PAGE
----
barrage vs battery what difference

what is difference between barrage and battery

English

Etymology

Borrowed from French barrage (barrage, barrier). Compare barrier.

Pronunciation

  • (UK) IPA(key): /ˈbæɹɑːʒ/
  • (US) IPA(key): /bəˈɹɑːʒ/

Noun

barrage (plural barrages)

  1. An artificial obstruction, such as a dam, in a river designed to increase its depth or to divert its flow.
    Hyponym: dam
  2. (military) A heavy curtain of artillery fire directed in front of one’s own troops to screen and protect them.
    • 2014, Edward G. Lengel, A Companion to the Meuse-Argonne Campaign, John Wiley & Sons (→ISBN), page 350:
      The 75s of V Corps fired a standard rolling barrage, while the larger 155 mm and 8-inch pieces fired standing barrages 500 meters beyond the barrage line. For the rolling barrage, one battery in each battalion fired low, bursting shrapnel instead of the standard high explosive.
  3. A concentrated discharge of projectile weapons.
  4. (by extension) An overwhelming outburst of words, especially of criticism.
  5. (fencing) A “next hit wins” contest to determine the winner of a bout in case of a tie.
  6. Type of firework containing a mixture of firework types in one single-ignition package.

Derived terms

  • barrage balloon
  • barrage jamming
  • rolling barrage

Translations

Verb

barrage (third-person singular simple present barrages, present participle barraging, simple past and past participle barraged)

  1. (transitive) To direct a barrage at.
    Synonym: bombard

Further reading

  • barrage (dam) on Wikipedia.Wikipedia
  • barrage (artillery) on Wikipedia.Wikipedia

French

Etymology

barrer +‎ -age

Pronunciation

  • IPA(key): /ba.ʁaʒ/, /bɑ.ʁaʒ/

Noun

barrage m (plural barrages)

  1. dam, barrage
  2. barrier, roadblock

Derived terms

  • faire barrage à
  • tir de barrage

Further reading

  • “barrage” in Trésor de la langue française informatisé (The Digitized Treasury of the French Language).

Anagrams

  • bagarre, bagarré


English

Etymology

Borrowed from Middle French batterie, from Old French baterie (action of beating), from batre (battre), from Latin battuō (beat), from Gaulish. Doublet of batterie.

Pronunciation

  • IPA(key): /ˈbætəɹi/, /ˈbætɹi/
  • Hyphenation: bat‧te‧ry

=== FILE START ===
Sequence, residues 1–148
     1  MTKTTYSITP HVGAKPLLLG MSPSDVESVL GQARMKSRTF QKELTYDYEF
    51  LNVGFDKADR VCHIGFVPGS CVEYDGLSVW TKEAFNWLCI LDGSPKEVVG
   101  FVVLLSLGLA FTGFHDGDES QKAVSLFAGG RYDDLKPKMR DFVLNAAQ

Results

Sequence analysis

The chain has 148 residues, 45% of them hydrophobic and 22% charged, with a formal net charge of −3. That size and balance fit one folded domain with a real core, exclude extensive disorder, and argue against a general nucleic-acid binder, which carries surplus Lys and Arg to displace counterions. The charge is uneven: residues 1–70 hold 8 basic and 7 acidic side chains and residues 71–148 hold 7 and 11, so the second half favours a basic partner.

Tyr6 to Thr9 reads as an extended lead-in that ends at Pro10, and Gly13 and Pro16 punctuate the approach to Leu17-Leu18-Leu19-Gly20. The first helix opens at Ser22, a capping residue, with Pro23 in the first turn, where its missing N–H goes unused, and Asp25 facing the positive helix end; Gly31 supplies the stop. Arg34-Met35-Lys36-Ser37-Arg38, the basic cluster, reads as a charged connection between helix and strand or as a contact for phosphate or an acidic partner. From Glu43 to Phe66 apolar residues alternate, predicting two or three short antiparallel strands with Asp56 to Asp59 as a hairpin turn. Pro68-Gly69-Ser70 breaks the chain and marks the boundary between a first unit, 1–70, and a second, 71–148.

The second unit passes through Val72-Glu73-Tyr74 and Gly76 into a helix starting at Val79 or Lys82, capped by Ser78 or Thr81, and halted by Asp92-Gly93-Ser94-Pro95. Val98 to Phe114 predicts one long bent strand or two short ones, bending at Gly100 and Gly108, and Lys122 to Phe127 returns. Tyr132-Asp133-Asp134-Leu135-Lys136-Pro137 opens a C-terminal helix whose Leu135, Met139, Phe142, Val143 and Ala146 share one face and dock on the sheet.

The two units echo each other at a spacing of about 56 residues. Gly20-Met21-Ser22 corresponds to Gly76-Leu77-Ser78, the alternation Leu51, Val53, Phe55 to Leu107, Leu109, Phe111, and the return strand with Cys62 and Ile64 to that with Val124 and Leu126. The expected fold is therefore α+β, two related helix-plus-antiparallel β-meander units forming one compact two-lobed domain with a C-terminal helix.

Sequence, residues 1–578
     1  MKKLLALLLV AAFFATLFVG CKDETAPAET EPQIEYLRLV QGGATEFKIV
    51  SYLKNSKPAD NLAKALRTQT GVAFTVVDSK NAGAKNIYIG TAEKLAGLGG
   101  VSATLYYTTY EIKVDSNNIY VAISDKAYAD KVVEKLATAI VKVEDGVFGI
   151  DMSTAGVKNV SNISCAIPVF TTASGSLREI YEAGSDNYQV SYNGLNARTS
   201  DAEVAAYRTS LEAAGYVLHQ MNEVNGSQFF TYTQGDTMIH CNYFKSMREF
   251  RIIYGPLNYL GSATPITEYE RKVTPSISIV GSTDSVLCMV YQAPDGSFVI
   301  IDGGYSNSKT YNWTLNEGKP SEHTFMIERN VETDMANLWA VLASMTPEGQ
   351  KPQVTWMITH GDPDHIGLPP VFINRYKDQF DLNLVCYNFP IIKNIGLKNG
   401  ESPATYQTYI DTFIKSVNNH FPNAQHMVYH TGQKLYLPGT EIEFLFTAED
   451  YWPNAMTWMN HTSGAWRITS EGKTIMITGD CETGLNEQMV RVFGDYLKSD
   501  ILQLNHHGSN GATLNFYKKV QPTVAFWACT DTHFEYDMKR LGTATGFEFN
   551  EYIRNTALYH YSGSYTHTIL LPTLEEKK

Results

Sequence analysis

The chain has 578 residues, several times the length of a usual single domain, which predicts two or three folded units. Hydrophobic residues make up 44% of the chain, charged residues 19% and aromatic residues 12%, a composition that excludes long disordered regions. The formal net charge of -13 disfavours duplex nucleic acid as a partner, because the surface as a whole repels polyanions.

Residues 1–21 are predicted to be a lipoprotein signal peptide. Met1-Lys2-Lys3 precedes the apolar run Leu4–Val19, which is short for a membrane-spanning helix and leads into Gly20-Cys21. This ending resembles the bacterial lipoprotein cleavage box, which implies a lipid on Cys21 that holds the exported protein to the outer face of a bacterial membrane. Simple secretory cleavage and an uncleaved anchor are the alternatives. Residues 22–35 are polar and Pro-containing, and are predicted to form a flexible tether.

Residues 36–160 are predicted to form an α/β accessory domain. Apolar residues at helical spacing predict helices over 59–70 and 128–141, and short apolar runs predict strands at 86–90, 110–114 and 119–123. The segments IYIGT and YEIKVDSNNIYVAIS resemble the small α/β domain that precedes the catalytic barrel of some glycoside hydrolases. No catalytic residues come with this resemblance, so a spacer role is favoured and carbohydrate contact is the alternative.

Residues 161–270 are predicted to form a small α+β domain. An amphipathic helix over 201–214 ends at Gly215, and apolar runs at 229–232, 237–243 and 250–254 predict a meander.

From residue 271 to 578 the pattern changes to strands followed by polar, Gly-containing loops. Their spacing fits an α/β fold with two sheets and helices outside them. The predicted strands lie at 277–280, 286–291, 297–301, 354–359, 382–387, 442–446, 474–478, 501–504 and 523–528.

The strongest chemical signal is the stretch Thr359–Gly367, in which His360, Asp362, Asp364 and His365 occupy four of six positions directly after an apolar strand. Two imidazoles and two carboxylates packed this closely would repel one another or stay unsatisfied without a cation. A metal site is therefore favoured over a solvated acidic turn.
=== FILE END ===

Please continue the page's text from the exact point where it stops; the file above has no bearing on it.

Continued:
Noun

battery (countable and uncountable, plural batteries)

  1. (countable, electronics) A device used to power electric devices, consisting of a set of electrically connected electrochemical or, archaically, electrostatic cells. A single such cell when used by itself.
    • 1749 Benjamin Franklin, letter to Peter Collinson
      Upon this We made what we call’d an Electrical Battery, consisting of eleven Panes of large Sash Glass, arm’d with thin leaden Plates, pasted on each Side…
      A Turky is to be killed for our Dinners by the Electrical Shock; and roasted by the electrical Jack, before a Fire kindled by the Electrified Bottle; when the Healths of all the Famous Electricians in England, France and Germany, are to be drank in Electrified Bumpers, under the Discharge of Guns from the Electrical Battery.
  2. (law) The infliction of unlawful physical violence on a person, legally distinguished from assault, which includes the threat of impending violence.
    • 2003, Mike Molan, Modern Criminal Law, section 7.2.2-3:
      A battery is the actual infliction of unlawful personal violence. […] [The defendant] fell to the ground and lashed out with his feet and in doing so kicked the hand of one of the police officers, fracturing a bone. He was charged with assault […] although this was a battery.
  3. (countable) A coordinated group of artillery weapons.
  4. (historical, archaic) An elevated platform on which cannon could be placed.
  5. An array of similar things.
    Schoolchildren take a battery of standard tests to measure their progress.
  6. A set of small cages where hens are kept for the purpose of farming their eggs.
  7. (baseball) The catcher and the pitcher together
  8. (chess) Two or more major pieces on the same rank, file, or diagonal
  9. (music) A marching percussion ensemble; a drumline.
  10. The state of a firearm when it is possible to be fired.
  11. (archaic) Apparatus for preparing or serving meals.

Derived terms

Translations

See also

  • accumulator
  • assault

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